35

Revolution and Power As Lenin famously said, the key question of any revolution is the question of Power. Translating it into the vernacular for the benefit of the unindoctrinated: a revolution is done for the sole purpose of gaining power. All talk about giving land to peasants or factories to workers is just that - talk, the people who are actually leading ...


18

Revolutions create instability. Edmund Burke said the following after the French Revolution: one of the first and most leading principles on which the commonwealth and the laws are consecrated is lest the temporary possessors and life-renters in it, unmindful of what they have received from their ancestors, or of what is due to their posterity, should act ...


17

Speaking very generally, merchant groups were relatively marginalized in all pre-modern societies. They formed networks across city-states in different regions, but were not allowed to take strong political footholds in more centralized states. Political rulers saw economic power as a threat, a (sometimes necessary) evil and were generally successful in ...


14

Old system destroyed, new system not yet established When you observe human behavior in large groups, you will notice a large amount of inertia. Let's take for example British political system. They have a monarch, with mostly ceremonial duties. They have a parliament, elected with first pass the post voting system, and very powerful Prime Minister. This ...


10

It's actually very simple. So long as the target of a revolution/movement exists, the solution remains very theoretical: "solve the problem". During this time, everyone in the movement generally agrees with everyone else. However, once the revolution/movement succeeds in obtaining all or part of its goal, solutions have to become concrete and ...


7

In these kinds of situations, the divide is between the call for "continuing" revolution by some, and the wish by others to "Join the Establishment." Naziism was a "revolutionary" movement, until the Party amassed a plurality and nearly a majority in the Reichstag. Then Hitler saw that it was possible for the Nazis to rise to ...


5

See the article "Economic Crises and the European Revolutions of 1848" (Berger and Sporer, 2001): Recent historical research tends to view the 1848 revolutions in Europe as caused by a surge of radical ideas and by long-term socioeconomic problems. However, many contemporary observers interpreted much of the upheaval as a consequence of short-term ...


5

Another revolution to consider is Haiti 1793-1804. Although L'Ouverture allies his former slave army with the Spanish military and then the French, he is eventually betrayed in 1802. From 1802-1804 it's just the revolutionary forces vs. the military of Napoleon's Republic. In October 1802, Revolutionary leaders, including Dessalines and Christophe, at last ...


3

Marxism is most notorious for 'eating their own" First they cultivate a mindset of revolutionary reaction to perceived or real tyranny Then they kill that generation; so they cant do it again. Venezuelan history in a nutshell. 1992: They were the 3rd richest country in the Western Hemisphere behind US and Canada 2001: Voted a marxist president to ...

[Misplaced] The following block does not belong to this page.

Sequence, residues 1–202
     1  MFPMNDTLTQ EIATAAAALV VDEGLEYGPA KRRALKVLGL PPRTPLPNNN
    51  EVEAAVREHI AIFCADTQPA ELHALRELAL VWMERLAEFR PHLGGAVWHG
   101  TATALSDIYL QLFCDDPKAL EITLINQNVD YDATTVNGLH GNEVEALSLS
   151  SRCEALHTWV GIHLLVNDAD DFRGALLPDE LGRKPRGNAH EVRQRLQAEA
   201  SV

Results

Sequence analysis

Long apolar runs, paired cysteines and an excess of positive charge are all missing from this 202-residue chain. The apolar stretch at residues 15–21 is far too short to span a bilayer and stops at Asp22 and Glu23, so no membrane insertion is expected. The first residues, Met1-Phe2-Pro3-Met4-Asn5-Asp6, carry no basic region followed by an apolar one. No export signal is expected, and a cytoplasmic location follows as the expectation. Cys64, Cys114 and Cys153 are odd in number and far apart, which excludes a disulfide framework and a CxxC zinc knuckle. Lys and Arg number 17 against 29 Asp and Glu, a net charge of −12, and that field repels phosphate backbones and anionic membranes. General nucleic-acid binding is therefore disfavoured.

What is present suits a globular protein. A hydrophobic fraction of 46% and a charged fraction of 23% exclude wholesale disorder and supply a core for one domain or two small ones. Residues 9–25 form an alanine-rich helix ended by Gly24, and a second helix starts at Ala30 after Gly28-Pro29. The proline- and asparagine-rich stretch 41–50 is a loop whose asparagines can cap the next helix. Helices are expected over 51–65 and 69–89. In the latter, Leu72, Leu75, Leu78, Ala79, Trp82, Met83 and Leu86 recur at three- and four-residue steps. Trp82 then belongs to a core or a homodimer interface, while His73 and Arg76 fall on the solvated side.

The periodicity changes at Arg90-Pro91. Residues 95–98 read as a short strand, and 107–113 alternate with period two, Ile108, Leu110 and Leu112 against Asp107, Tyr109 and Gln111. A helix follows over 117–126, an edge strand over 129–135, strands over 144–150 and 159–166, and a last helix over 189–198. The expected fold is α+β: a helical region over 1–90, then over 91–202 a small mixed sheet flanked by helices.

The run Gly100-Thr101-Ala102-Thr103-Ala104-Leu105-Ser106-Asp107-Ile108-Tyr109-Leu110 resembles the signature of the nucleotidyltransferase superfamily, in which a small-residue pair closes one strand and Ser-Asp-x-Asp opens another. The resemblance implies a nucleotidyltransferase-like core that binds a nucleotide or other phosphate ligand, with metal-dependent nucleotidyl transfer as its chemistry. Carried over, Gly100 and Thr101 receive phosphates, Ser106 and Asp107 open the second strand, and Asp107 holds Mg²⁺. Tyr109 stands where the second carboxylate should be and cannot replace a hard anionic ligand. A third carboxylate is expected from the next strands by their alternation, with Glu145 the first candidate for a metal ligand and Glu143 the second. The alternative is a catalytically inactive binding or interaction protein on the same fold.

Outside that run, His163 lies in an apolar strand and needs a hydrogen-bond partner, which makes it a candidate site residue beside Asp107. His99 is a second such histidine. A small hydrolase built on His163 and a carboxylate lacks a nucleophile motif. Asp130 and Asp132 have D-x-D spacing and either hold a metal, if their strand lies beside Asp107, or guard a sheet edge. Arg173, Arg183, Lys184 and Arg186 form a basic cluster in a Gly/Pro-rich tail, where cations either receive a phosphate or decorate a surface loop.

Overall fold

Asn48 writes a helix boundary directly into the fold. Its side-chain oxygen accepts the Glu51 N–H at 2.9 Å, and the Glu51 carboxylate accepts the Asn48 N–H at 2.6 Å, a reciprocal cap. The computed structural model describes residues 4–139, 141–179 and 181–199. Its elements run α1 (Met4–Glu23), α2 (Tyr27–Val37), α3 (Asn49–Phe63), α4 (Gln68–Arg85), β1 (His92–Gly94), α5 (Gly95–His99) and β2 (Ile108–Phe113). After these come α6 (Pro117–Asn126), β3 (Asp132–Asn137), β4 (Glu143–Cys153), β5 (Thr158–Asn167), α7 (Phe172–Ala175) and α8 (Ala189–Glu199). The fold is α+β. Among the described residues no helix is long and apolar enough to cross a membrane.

3

There was an important difference between the two empires. In the case of the Soviet Union, there was one country, Russia, with 50% or more of the people of the whole Union. The next two, Ukraine, and Byelorussia, had about 15%. The remaining 30%-35% were divided among 13 Republics, averaging 2%-3% each. Russia was so much larger (in population) than the ...


2

Basically I am trying to paint a vivid mental picture of how the merchant class gained power equal to or above the kings in Europe, China, and India (or anywhere else). Who were the key merchants (what were their names or ethnicities), and what did they do to aid in this transition? IMHO, you are trying to paint a picture of a world that has never existed! ...


2

There are many excellent answers here which I have upvoted. (I'll add that I particularly like the point that revolutionaries are people who like us all are tempted by power which they are loath to surrender.) But to those answers I'd like to add a point about violent ideological revolutions. (The American Revolution, like the Glorious Revolution, was not ...


1

I am not really sure what your definition of "revolution" is. If what you want is the take-over of power by a formerly marginal minority, then the classical circle of dynasties described by Ibn Khaldun fits quite well. Basically he describes that people from the margins of an agricultural society (e.g. nomads, people living in unproductive mountain ...


1

In general, do revolutions need the support of the populace to achieve long-term success? No. Not at all. It's a nice bonus. Nothing more. Plenty of dictatorships ruled with very little popular support. Thailand is not an exception to the rule. It only happens more often than elsewhere. I can only say: welcome to Thailand! In the 25 years that I live here ...


1

After WW2 West-Germany and Japan were governed by the United States for a short time and thus were in essence colonies/protectorates during that period. I think most historians agree these countries were treated extremely well by their "master-country" during this period. Especially when you take into account the actions of these countries that ...


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